Italian Anti-Doping Org. Releases Details of Di Giorgio’s 8 Month Suspension

Italy’s National Anti-Doping Organization (NADO) has released documents outlining the reduction of the suspension of Alex Di Giorgio from the statutory maximum of 4 years to just 8 months. That suspension is due to expire on June 7th.

According to SwimSwam Italia’s Giusy Cisale, the committee that heard the case believed an explanation of accidental contamination.

Di Giorgio tested positive for the banned substance ostarina in September 2020, but the amount found in his blood was one nanogram per liter (.001 micrograms per liter).

The court accepted, based on the small amount found, di Giorgio’s defense of accidental ingestion. That allowed the panel to first reduce the suspension from 4 years to 2 years. There is no minimum threshold of ostarine for sanction, however, so that small reading in-and-of-itself doesn’t absolve him of penalty.

The court did, however, use that standard to reduce the suspension further to 8 months – which doesn’t usually happen without a proposed contamination source. In this case, no contamination source was proposed.

Di Giorgio’s test was conducted on September 13 in Livigno, Italy during a training camp. He has been given a temporary suspension by the Italian Anti-Doping Tribunal and faces up to a 4 year ban for a first offense.

The drug is intended to target the body’s androgen receptors to cause them to respond similarly to how they would to testosterone but without the side effects.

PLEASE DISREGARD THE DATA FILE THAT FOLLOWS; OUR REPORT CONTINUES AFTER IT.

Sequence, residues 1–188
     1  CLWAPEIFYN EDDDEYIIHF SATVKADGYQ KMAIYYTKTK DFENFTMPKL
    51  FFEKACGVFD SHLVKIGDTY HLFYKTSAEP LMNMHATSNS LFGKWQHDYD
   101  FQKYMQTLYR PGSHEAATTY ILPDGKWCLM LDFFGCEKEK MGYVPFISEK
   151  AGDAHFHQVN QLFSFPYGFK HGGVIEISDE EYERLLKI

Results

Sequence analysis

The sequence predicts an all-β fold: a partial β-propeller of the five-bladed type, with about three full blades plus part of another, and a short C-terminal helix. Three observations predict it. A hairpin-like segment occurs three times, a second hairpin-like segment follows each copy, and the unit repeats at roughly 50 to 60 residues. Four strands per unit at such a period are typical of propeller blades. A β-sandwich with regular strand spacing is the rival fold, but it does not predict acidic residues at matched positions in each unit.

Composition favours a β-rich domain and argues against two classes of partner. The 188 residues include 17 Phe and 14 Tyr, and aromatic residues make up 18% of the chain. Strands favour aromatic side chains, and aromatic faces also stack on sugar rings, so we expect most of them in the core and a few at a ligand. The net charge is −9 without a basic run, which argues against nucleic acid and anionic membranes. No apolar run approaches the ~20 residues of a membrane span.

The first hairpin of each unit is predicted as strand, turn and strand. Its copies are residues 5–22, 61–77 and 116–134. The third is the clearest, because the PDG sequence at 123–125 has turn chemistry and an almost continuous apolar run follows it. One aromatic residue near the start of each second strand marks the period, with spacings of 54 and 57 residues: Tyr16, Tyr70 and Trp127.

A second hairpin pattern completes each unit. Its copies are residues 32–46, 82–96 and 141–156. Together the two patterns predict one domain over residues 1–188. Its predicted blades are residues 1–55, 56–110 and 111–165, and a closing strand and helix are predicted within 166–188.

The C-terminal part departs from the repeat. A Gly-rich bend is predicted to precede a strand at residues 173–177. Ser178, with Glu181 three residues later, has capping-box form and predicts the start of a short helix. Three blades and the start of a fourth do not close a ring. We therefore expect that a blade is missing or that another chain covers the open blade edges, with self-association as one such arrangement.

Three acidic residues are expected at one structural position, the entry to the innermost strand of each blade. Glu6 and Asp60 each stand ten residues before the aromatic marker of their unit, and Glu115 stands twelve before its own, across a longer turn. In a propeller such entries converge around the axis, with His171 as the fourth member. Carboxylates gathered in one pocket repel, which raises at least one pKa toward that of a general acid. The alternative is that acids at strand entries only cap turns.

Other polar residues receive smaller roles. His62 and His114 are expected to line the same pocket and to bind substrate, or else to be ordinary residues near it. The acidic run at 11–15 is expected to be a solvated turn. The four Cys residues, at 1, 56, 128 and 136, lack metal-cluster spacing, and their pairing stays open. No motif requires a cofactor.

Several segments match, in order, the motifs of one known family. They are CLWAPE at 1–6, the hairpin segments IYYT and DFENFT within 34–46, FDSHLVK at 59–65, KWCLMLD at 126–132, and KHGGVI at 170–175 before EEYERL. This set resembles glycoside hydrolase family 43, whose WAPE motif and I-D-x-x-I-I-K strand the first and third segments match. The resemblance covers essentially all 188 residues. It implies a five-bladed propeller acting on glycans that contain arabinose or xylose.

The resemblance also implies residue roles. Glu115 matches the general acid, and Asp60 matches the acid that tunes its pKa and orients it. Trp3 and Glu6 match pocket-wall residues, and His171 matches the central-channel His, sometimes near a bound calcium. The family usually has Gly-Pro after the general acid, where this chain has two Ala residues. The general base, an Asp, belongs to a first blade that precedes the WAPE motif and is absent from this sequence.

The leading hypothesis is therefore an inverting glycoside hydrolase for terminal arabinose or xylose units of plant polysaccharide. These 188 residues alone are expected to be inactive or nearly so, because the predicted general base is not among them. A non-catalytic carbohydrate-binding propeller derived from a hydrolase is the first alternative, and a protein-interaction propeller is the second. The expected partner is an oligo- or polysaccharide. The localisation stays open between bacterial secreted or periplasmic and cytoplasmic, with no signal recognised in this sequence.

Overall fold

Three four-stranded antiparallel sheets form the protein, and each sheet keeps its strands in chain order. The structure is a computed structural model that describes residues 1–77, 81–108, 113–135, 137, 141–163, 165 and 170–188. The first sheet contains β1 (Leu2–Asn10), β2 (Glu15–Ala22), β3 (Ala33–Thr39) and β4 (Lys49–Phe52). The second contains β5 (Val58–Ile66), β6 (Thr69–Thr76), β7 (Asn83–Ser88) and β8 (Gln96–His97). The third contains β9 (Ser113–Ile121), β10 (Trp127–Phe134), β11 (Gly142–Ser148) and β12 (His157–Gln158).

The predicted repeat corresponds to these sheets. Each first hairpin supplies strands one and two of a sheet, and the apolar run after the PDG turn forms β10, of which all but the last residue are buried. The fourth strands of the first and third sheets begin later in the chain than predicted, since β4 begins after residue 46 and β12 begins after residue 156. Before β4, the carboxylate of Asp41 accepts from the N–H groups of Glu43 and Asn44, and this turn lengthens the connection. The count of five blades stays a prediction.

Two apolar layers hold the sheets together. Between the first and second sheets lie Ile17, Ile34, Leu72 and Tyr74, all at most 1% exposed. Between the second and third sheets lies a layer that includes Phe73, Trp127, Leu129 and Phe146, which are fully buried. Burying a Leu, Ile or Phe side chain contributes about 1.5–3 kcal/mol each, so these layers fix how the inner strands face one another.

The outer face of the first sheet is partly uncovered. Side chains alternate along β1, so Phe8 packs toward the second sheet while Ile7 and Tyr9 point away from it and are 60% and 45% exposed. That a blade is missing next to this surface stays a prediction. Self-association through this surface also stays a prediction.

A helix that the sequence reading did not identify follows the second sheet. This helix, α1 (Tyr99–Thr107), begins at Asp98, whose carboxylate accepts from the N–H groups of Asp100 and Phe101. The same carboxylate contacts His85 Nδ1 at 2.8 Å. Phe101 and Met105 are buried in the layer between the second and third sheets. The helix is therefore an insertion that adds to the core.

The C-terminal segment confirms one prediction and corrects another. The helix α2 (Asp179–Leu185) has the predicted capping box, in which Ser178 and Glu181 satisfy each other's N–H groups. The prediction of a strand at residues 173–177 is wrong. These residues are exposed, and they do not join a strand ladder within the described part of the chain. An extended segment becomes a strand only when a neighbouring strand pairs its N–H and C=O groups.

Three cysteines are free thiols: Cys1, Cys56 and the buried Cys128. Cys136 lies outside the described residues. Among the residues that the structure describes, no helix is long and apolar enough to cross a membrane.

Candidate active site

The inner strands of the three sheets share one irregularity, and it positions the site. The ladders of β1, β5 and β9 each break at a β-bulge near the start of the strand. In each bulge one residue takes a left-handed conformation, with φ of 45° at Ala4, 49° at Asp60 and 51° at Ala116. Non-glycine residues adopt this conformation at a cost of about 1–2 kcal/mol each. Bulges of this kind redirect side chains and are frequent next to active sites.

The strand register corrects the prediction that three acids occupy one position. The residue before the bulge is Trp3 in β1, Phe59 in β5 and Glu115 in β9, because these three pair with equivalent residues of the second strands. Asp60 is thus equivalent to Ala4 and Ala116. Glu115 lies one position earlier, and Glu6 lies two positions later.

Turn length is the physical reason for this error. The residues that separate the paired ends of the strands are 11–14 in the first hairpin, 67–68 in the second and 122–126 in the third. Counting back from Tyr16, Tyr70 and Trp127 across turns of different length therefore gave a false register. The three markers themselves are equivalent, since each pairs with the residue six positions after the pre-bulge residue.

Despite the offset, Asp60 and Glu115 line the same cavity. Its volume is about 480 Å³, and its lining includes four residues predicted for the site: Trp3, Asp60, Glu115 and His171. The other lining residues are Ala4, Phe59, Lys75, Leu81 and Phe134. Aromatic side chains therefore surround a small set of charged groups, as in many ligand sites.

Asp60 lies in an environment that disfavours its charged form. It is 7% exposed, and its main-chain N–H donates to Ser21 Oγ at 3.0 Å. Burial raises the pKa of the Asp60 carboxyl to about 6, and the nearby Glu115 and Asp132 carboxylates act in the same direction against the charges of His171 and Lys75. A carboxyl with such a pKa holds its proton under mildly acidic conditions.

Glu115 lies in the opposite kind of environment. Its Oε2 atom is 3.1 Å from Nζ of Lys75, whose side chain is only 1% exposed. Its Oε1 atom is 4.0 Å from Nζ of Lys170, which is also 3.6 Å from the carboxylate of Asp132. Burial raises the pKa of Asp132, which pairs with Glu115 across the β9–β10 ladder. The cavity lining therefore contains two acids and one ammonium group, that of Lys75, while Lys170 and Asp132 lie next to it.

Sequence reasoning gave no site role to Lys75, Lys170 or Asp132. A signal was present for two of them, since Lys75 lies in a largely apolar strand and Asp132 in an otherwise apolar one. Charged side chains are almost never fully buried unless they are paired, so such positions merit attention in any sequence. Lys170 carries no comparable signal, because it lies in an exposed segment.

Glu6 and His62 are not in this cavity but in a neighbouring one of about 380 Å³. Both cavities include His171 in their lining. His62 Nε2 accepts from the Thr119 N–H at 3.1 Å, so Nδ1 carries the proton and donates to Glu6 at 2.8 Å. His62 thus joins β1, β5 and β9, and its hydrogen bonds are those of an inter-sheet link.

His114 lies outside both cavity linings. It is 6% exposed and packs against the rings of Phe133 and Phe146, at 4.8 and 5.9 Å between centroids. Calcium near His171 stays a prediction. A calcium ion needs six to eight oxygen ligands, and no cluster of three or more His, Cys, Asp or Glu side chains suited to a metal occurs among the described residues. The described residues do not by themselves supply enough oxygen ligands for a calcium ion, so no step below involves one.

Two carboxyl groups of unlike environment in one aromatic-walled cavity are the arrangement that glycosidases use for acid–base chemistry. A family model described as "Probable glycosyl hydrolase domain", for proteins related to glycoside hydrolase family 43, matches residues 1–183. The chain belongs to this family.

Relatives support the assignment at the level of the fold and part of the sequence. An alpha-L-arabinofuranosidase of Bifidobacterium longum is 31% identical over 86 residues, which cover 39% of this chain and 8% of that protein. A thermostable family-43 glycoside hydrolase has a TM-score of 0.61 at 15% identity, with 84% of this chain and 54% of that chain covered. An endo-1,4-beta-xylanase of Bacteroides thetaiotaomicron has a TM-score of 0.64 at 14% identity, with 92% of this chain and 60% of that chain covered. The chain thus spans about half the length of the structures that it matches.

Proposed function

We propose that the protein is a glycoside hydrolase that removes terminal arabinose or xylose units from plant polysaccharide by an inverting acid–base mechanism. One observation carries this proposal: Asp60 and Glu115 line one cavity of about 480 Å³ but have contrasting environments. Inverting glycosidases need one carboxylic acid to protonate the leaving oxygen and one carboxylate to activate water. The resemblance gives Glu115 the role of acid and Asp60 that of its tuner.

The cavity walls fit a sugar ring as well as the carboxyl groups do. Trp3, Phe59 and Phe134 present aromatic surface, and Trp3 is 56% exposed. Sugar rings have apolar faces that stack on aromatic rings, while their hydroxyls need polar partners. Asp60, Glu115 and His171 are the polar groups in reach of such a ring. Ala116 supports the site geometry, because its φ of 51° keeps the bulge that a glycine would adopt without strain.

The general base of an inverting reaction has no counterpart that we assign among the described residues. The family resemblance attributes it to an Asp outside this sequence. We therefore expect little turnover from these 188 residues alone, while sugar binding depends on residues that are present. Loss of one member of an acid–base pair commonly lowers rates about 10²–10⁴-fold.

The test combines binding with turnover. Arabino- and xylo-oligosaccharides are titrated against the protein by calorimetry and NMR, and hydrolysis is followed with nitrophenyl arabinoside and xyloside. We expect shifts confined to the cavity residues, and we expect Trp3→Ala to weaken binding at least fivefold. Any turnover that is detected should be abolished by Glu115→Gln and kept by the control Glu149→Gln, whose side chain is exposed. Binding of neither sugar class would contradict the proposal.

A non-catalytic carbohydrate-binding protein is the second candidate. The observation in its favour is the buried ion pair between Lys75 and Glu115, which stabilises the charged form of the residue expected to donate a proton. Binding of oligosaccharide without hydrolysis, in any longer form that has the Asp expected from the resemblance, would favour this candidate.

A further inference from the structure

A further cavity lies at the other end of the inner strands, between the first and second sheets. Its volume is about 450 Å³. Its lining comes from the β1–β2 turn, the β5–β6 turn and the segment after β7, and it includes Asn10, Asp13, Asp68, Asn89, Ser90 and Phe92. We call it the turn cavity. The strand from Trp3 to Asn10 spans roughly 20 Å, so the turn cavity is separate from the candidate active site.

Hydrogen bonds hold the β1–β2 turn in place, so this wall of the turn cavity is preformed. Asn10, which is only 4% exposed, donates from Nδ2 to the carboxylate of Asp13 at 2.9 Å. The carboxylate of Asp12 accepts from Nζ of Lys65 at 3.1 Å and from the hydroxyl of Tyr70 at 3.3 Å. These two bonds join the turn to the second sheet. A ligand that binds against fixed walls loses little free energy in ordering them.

In 2017, in the US, a dietary supplement called Tri-Ton was tested by the USFDA and found to contain ostarine. In 2016, according to the Sports Integrity Initiative, there were only 28 AAFs across all sports for the substance, much lower than the more common stanozolol, for example, which had 294 findings.

While ostarine is not approved for human use or consumption anywhere in the world, it has increasingly turned up in supplements and has seen a growing number of positive tests. By 2018, the most recent report released by WADA, there were 45 positive tests. IN 2018, the Sports Integrity Initiative reported that at least 60 products on its “High Risk List” that contained ostarine.

The 30-year old swimmer was a member of the Italian 800 free relay that won gold at the 2013 Mediterranean Games. At the 2016 Rio Olympic Games, he swam a leg on Italy’s prelims 800 free relay, where he split 1:47.74 and the team placed 9th. At the 2012 London Olympic Games, he also swam on the prelims 800 free relay, splitting 1:47.93 as the relay finished 11th.

He most recently trained at the Federal Center of Verona under coach Matteo Giunta in a group that includes the country’s most famous swimmer Federica Pellegrini, along with Stefania Pirozzi, Carlotta Zofkova, and others.

Di Giorgio also must pay the cost of the proceedings, calculated at 378 Euros.

3
Leave a Reply

Subscribe
Notify of
3 Comments
oldest
newest most voted
Inline Feedbacks
View all comments
Comments are Closed
2 months ago

We can thank the Court of Arbitration for Sport (CAS) and the Swiss Federal Court for each athlete being strictly liable for the substances found in his or her bodily specimen. Even at 0.001 micrograms per liter.

Samesame
2 months ago

It just seems random….. 4 months, 8 months, 2 years, 4 years. Like a lottery depending on which country you are in.

Olympian
2 months ago

We have to either review the anti doping rules or just ban every and any supplement out there.

About Braden Keith

Braden Keith

Braden Keith is the Editor-in-Chief and a co-founder of SwimSwam.com. He first got his feet wet by building The Swimmers' Circle beginning in January 2010, and now comes to SwimSwam to use that experience and help build a new leader in the sport of swimming. Aside from his life on the InterWet, …

Read More »